It’s Groundhog Day!

2 February 09 | Posted in Animals, Events, U.S. Catholic

I love animal holidays. Watching all the little kids (and big kids!) bring their hamsters, dogs, kittens, guinea pigs, bunnies, parakeets, and everything else off to church on the Feast of St. Francis is touching and a delight to watch. On one thing the Catholic Church was wise–to acknowledge our deep ties, love, and mystical bonds with our family pets and livestock.

I think of Groundhog Day as another Catholic holiday since it is associated with Candlemas, also celebrated on February 2nd. Its furry, cute and loveable star is Punxsutawney Phil of Pennsylvania.

Punxsutawney Phil saw his shadow this morning, so we can look forward to six more weeks of winter. groundhog-day.jpg

Phil emerged in front of an estimated 13,000 witnesses, many dressed in gold and black to celebrate the Pittsburgh Steelers’ Super Bowl victory the day before.

His annual ritual takes place on Gobbler’s Knob, a tiny hill in Punxsutawney, a town of about 6100 residents 65 miles northeast of Pittsburgh.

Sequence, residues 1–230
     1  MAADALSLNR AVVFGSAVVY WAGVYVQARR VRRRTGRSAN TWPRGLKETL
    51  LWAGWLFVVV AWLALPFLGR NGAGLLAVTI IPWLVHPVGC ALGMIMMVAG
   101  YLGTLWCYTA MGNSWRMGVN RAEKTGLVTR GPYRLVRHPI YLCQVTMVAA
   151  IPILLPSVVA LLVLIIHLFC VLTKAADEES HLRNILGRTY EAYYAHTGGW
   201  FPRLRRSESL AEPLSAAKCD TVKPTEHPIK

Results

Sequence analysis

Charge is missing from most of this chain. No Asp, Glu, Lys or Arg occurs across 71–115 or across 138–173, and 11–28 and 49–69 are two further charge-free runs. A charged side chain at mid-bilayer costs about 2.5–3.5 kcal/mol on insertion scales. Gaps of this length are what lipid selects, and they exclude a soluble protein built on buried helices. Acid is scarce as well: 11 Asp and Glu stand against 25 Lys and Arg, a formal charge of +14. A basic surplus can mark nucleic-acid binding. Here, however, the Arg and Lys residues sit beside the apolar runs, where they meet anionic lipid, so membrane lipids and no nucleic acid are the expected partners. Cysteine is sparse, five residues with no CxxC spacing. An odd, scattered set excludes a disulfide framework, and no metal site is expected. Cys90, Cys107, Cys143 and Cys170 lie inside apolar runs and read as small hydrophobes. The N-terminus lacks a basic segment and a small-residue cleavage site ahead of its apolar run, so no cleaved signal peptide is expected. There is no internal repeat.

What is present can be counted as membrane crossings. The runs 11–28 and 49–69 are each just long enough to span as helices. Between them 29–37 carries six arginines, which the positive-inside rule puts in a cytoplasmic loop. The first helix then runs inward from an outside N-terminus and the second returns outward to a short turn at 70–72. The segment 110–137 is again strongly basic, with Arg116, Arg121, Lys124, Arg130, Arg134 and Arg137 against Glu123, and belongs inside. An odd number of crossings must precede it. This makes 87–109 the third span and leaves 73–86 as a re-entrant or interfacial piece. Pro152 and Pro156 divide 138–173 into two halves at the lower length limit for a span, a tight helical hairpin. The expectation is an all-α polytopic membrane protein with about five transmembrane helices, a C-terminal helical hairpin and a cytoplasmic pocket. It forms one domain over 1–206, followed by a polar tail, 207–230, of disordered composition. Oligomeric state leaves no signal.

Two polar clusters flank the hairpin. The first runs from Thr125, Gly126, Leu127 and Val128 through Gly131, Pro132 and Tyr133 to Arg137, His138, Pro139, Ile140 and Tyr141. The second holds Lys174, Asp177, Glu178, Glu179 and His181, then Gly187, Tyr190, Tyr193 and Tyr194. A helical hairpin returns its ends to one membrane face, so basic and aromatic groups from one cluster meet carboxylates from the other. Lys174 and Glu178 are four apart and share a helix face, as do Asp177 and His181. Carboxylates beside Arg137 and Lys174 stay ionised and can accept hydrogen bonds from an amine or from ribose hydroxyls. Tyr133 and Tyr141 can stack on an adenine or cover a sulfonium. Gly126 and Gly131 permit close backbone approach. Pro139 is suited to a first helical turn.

The Punxsutawney Groundhog Club announced the forecast (more winter) in a short proclamation, in which Phil acknowledged the Steelers’ 27-23 victory over the Arizona Cardinals.

There is a tradition that a sunny Candlemas Day would lead winter to last for another six weeks. In Germany, the belief that an animal frightened when seeing its shadow on Candlemas became another indicator that winter could last for another six weeks.  The hedge-hog was the German animal of choice for the job.

Germans brought this superstition to America during the 18th century. Americans adopted the groundhog as their weather predictor.

Candlemas marks the midpoint between the winter solstice and the spring equinox, and recognizes the animals’ sensitivity to weather changes. Farmers used to rely on them to help plan spring planting.

Three other groundhogs make predictions on February 2nd: Shubenacadie Sam in Nova Scotia; Wiarton Willie of Wiarton, Ontario, and General Beauregard Lee of Stone Mountain, Georgia.

But this year, the birds may know something the groundhogs don’t.  I saw my first robin on Saturday morning, January 31st.

Cynthia McKinney, Presidential Candidate

3 October 08 | Posted in Government, Social Justice, U.S. Catholic

Cynthia McKinney is the Green Party’s 2008 presidential nominee. She was not invited to participate in any debates, and outside NCR, has received little press coverage about her platform and campaign. cynthia-mckinney.jpg